Project Management

How to Become a Project Manager

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8 mins read
Ben Willmott

If you’re looking to become a Project Manager you have a couple of options to do this. There is the study-heavy path, which could start with a University-based degree followed by various certification courses.

Or you can learn through initial life experiences and then learn on the job supported by certification courses.

Whichever path you take really depends on the type of industry in which you would like to be a Project Manager. Some industries and companies will require the study-heavy education path, while others, if you’re starting out, will be more focused on experience and your approach to problem-solving.

Either way, then look to build up your experience through learning on the job.

So why become a Project Manager?

It’s really important to understand what it takes to become a Project Manager and what it takes to become a really good one. You have to enjoy working with people and have a natural awareness of other peoples’ feelings and needs. You need to be always thinking one step ahead of those around you, whether that’s spotting a potential problem or seeing opportunities to improve.

There are also plenty of personal career benefits why you should become a Project Manager:

  • You get to experience working with many different teams and people across different locations and environments.
  • You get the satisfaction of seeing a project go from nothing through to completion.
  • You experience working with new products and services that, in a lot of cases, aren’t available to anyone else.
  • It’s challenging, which makes every day interesting as there is always something new to learn, fix or improve.
  • There are lots of career options to progress, whether that’s larger more complex projects as your experience grows, or working in different industries and companies.

What do you do as a Project Manager?

Depending on the industry and job type, your responsibilities as a Project Manager will vary.

Typically, the following role responsibilities are standard across any Project Management job. Just the scale and overall ownership may vary. 

  • As a Project Manager, you’re responsible for tracking and monitoring every aspect of the project.
  • You’ll create the overall plan including milestones, project communication approach, project risks approach and reviews.
  • You’ll create the original project estimate and then track the approved budget.
  • You’ll plan and track the team requirements throughout.
  • You’ll monitor risks and create the mitigation plans for these risks.
  • You’ll manage the quality assurance process and support this process in some cases  

Project Management Mindset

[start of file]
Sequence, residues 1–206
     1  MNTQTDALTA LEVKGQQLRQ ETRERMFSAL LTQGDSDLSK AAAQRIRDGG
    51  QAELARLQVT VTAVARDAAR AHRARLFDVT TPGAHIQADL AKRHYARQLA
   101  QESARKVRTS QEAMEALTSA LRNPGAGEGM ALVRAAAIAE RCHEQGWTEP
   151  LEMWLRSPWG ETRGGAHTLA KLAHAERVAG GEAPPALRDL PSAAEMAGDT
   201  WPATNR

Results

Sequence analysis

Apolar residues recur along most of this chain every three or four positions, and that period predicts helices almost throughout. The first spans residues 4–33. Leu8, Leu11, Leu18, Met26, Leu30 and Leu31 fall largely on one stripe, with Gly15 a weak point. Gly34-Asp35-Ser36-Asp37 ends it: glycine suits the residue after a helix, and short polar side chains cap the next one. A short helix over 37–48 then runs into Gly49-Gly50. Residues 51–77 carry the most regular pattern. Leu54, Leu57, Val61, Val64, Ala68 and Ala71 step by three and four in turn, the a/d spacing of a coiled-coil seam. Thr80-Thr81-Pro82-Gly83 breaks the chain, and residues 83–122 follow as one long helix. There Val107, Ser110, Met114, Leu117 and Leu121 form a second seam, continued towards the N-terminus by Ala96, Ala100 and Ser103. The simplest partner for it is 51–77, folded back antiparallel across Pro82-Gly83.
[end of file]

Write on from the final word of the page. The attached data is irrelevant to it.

To be a Project Manager you need to have a mindset that is focused on continuous learning as no two projects are ever the same. You’ll regularly be discovering new problems or opportunities and will have to adapt how you and the project team work together.

Having this type of mindset is critical, as by treating everything as a learning opportunity, it allows you to spot these opportunities far more easily and deliver them in a calm and assured way.

Plus always improving what you know and do is a really satisfying way to work.

Project Management Skills

You’ll need some particular skills as a Project Manager if you’re going to be successful in this role.

You don’t need to excel in these skills from day one as you can learn and improve as you go on, but you should be able to recognise these skills as something you have even on a small scale at first.

You need to be a good communicator whether oral or written. How you communicate needs to be adaptable as one day you might be communicating to senior stakeholders and the next directly to junior team members. 

Being a team builder and this isn’t just Resource Management but how you create a strong team that works well together and helps each other out.

Finding the right skills but also the right personalities to work together is hard, but recognising the importance of the two can be the difference between delivering an okay project and delivery a fantastic project.

Able to create great team environments. This links to the previous skill but you need a mixture of knowing how to create a great team-working environment and recognising what makes up a great team environment.

Noticing the subtle cues when the team environment isn’t so great, allows you to adapt and improve bit by bit. This could be improvements to the team workspace, such as noticing a team member has a load of books stacked up under their monitor to get it to the right height and then offering to sort them a stand. 

Or it could be recognising that the team are not working well together because of the seating set up, then taking actions to improve it.

People management doesn’t mean telling everyone what to do but recognising each individual’s strengths and weaknesses and taking the right approach to get the best out of them.